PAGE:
Neil C writes:
I was asked to contribute to a piece in today's Herald about the advertising campaigns running to support the two opposing sides in the imminent Scottish independence referendum.
Here's what I wrote:
Two independence referendum ads have been running this week, one from the pro-independence Yes campaign and one from anti-independence Better Together. Both groups of campaigners will have hoped to generate discussion and debate around their ads and BT has certainly done that, though surely not in the way they intended. Public reaction to the BT ad has been overwhelmingly negative, with people describing it as patronising and offensive towards women.
Some say that it perpetuates a stereotypical view of women as failing to understand politics. Online, the #PatronisingBTLady hashtag and meme gained a lot of traction, with some amusing responses, many of which can be seen at the Patronising BT Lady Facebook page.
The Yes campaign ad has generated far less buzz, with only 1/10th as many views on YouTube. But what comment there is about the Yes film is generally favourable.
Why have the two ads generated such different responses? Both try to appeal to the emotions. But each takes a very different approach.
The Yes campaign’s “Yes Means” film is a sunny, optimistic montage featuring Scots of all ages preparing for a new day. “Look out world, here I come,” says a long-haired student, as highland lochs sparkle, children play happily in the sunshine, and active old folks joyfully dance in a presumably comfortable and fulfilling retirement. The ad ends with a classic, perhaps clichéd, symbol of hope – a baby’s hand reaching for that of its parent.
The No campaign’s ad, “The Woman Who Made Up Her Mind” also references the next generation, but in a very different way. This film features only one character: a housewife, sitting in her kitchen, who talks directly to the viewer as if to a friend who’s dropped in for coffee. The housewife feels she lacks the facts required to make an informed decision about independence. “All this uncertainty bothers me so much,” she says. The more I think about it, independence seems like one big gamble”. She seems anxious but “There’s one thing I do know: I will not be gambling with my children’s future….So that’ll be a no from me.”
One positive ad that offers optimism, one negative one that evokes fear. One says – vote yes in the hope of something better. The other says – vote no for fear of something worse. Which approach is more likely to be successful? There’s no clear evidence as to whether positive or negative messages are more effective in political campaigning. Obama swept to power on the back of a message of “hope” but arguably Britain’s most famous political ad is “Labour Isn’t Working”, the iconic poster of the Conservatives’ successful 1979 general election campaign. So you could argue that either approach can be successful, it just depends on how well you do it.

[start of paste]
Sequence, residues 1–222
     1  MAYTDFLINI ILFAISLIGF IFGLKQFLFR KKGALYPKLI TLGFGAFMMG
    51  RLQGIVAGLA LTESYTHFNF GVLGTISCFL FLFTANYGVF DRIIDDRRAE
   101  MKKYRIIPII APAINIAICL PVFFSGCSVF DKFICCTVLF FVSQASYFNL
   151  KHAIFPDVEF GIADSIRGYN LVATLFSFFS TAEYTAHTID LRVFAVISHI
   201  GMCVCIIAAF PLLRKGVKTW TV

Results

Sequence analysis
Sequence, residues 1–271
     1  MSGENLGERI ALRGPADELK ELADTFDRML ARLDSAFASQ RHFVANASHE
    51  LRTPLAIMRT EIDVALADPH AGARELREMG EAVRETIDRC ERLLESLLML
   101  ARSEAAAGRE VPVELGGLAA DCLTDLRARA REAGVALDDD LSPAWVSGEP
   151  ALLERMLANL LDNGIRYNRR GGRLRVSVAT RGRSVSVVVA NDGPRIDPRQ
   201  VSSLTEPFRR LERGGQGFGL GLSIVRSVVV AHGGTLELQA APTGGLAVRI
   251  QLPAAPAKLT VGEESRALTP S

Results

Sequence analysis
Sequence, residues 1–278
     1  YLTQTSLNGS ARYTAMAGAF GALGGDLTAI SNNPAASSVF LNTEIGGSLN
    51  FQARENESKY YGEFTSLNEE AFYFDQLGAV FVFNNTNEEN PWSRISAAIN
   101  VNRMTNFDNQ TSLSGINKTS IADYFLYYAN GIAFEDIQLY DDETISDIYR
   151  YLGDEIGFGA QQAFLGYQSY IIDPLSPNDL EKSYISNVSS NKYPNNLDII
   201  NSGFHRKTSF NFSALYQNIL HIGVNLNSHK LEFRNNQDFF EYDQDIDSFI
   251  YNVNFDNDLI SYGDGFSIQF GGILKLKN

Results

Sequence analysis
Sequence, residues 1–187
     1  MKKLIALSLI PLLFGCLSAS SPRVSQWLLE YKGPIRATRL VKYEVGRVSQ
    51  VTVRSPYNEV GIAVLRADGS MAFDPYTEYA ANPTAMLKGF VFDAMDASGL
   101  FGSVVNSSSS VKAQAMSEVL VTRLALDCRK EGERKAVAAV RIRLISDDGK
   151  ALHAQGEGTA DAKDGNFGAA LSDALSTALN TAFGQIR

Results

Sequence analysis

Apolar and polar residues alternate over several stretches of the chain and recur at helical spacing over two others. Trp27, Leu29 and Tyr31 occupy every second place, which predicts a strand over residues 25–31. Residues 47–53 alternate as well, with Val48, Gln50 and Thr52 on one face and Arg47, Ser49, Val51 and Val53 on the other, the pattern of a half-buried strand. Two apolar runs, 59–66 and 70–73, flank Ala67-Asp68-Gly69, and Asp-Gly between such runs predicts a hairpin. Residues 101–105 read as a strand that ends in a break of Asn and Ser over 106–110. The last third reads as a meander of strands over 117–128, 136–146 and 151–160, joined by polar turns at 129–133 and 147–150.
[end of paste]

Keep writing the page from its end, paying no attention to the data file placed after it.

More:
How well have the Yes and No campaigns done it here? The No film appears to be a potentially disastrous mistake. The undecided woman is transparently a Frankenstein’s monster cobbled together from spare parts of strategy and research group comments. At no point do we believe in her as a living person with real concerns that we can share. She’s a voter segmentation profile brought unconvincingly to life – “Fearful Fiona”. It’s easy to see why the ad has been criticised and in places ridiculed for its patronising approach.
The “Sunshine On Leith” approach of the Yes ad, on the other hand, presents a range of likeable characters who are proud and positive about the future. We don’t believe in them as real people, they’re obviously actors, but they’re not so obviously fake as to undermine the message. This is a feel-good, confident piece of work with a welcoming, upbeat tone.
For any ad, the ultimate test is whether it moves us and makes us feel and think differently. Which of these has the power to do that? Ironically, Fearful Fiona, the ad that all too obviously tries hard to show that it understands voters, gets it so badly wrong that it has the reverse of the intended effect: it shows that BT don’t understand women voters at all. We can’t empathise with this implausible character and we feel irritated and patronised.
The Yes ad presents a vision of Scotland that is arguably a bit too much Coca-Cola, not enough Irn Bru, to touch the heart as powerfully as it might have done, but its more sympathetic characters and rousing mood do inspire feelings of pride, of optimism and of hope. In the battle of the ads at least, the Ayes have it.